The Interim Stimulus Plan, dubbed “CARES Act 3.5,” was passed, providing billions in further business loans, as well as healthcare funding. As part of this, a second round of PPP funding rolled out on April 27 to the tune of $300+ billion, with $60 billion reserved for “small banks” with assets under certain thresholds. Word on the street is that much of these new funds have already been earmarked by applications in place when the first round of funding was depleted. For interested businesses, however, it may make sense to pursue loan applications all the same, particularly if yet another round of funding is approved. The feedback I’m receiving from clients is that they are having better success with smaller banks and fintech options such as PayPal over larger banks.

For those who have received the loan there has been confusion around how related forgiveness will ultimately be calculated. This is important as the forgiveness component is what has made this loan  so attractive. Many businesses may have spent their PPP funds, but not necessarily in a way that results in full/meaningful forgiveness. If this is the case, the funding then remains a loan that some businesses may have difficulty repaying. Continue to keep an eye on the IRS/SBA’s continually updating guidance for more direction about forgiveness.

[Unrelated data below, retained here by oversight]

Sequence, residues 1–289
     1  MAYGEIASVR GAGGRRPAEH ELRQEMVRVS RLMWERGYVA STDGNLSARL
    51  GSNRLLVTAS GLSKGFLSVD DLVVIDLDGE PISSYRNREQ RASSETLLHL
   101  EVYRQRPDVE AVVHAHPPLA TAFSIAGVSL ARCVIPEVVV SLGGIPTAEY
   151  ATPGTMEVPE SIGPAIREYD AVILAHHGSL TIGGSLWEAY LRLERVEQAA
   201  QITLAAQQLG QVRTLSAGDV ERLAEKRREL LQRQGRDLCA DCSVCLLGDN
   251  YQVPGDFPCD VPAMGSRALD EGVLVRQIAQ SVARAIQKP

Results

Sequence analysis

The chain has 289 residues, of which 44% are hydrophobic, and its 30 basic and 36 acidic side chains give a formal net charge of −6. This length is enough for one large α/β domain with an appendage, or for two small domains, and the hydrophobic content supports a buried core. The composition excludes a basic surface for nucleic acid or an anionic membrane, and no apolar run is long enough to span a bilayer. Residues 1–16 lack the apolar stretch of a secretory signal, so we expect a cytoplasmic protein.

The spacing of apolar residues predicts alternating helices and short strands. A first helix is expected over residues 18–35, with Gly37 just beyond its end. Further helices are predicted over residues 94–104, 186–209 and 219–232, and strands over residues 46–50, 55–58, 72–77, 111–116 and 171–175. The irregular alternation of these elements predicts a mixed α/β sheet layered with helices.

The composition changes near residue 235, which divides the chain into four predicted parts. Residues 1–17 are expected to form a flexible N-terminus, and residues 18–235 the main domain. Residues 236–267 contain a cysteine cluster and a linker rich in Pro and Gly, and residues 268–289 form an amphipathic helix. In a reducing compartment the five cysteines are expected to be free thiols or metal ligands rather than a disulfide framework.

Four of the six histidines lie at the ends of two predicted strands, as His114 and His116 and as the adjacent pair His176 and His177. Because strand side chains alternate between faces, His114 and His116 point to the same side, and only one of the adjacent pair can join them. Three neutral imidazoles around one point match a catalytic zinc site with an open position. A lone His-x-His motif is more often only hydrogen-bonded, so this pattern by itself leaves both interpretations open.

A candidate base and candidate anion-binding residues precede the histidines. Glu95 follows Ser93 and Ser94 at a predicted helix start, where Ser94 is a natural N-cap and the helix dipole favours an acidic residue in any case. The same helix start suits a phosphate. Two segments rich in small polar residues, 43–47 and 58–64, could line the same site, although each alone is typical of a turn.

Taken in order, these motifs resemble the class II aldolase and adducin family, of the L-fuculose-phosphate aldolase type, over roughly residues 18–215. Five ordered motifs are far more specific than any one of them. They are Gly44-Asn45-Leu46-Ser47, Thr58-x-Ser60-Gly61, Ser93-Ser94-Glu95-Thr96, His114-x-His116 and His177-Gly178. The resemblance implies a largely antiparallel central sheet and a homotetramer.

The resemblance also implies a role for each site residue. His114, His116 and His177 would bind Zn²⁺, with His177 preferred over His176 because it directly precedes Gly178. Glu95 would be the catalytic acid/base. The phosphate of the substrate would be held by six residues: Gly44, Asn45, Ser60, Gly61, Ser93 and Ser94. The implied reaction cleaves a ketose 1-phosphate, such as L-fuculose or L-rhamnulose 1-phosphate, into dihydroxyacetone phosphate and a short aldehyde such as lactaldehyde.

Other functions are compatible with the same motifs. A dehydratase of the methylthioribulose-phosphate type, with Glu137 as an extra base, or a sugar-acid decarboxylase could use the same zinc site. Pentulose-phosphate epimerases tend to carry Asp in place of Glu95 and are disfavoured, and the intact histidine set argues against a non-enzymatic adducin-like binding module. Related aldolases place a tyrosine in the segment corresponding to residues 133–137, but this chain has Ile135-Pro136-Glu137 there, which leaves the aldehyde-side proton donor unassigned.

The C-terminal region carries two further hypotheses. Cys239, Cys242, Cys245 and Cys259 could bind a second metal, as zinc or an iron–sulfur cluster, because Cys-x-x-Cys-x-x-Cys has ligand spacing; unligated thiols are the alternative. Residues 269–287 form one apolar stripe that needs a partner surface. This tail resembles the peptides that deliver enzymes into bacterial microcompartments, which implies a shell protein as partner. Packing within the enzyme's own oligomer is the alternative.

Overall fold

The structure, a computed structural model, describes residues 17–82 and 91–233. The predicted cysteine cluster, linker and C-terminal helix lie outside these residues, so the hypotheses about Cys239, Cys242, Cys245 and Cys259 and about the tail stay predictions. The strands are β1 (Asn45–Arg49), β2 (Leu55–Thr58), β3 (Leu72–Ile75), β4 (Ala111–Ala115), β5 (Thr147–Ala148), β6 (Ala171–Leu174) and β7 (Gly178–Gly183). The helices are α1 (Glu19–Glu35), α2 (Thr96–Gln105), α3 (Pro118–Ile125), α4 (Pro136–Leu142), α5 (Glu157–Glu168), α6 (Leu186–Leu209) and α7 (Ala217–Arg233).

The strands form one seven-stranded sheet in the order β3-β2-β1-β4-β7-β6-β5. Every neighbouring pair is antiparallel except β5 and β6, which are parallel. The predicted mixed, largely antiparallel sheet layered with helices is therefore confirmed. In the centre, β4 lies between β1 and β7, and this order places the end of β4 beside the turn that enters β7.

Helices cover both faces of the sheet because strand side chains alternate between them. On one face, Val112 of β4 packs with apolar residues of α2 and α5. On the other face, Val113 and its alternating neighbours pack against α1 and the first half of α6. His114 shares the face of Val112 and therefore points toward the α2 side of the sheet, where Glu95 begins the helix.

Reminder: other options for deferring or reducing payroll-related cash outflow remain available such as payroll tax payment deferrals and/or the Employee Retention Credit.

Georgia Unemployment

The Georgia Department of Labor was woefully unprepared to process this many unemployment applications at once, especially with the addition of self-employed individuals . From the Department’s website and Twitter feed, the DOL is trying as hard as it can to quickly and appropriately handle the deluge of claims and questions.

I have had one report that the Georgia DOL is asking self-employed individuals to send confidential information such as tax returns and bank statements for income verification via a DOL email address as opposed to a secure portal. Please be careful what you are providing to any government agency and how you are sending it. With so much data flying around right now, identity thieves are having a heyday. If you are a client and concerned about the documentation you’re providing and the method of doing so, please reach out to me.

A state’s ongoing ability to pay claims is also a concern. According to the Tax Foundation’s report from earlier this month, Georgia could, at that time, pay about 11 weeks’ worth of claims without exhausting its unemployment trust fund. This is a moving target, however, depending on new payments into the fund and claims made against it. As new claims increase, ability to pay could be an issue for Georgia and many other states.